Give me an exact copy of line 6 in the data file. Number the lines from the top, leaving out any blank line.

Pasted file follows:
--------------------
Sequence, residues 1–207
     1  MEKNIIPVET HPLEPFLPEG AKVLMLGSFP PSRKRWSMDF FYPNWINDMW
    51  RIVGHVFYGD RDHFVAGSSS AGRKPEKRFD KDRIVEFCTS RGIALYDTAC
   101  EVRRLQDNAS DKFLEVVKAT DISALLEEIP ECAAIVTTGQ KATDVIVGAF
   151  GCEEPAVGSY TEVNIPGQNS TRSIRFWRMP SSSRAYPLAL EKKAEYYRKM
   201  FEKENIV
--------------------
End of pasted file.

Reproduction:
   201  FEKENIV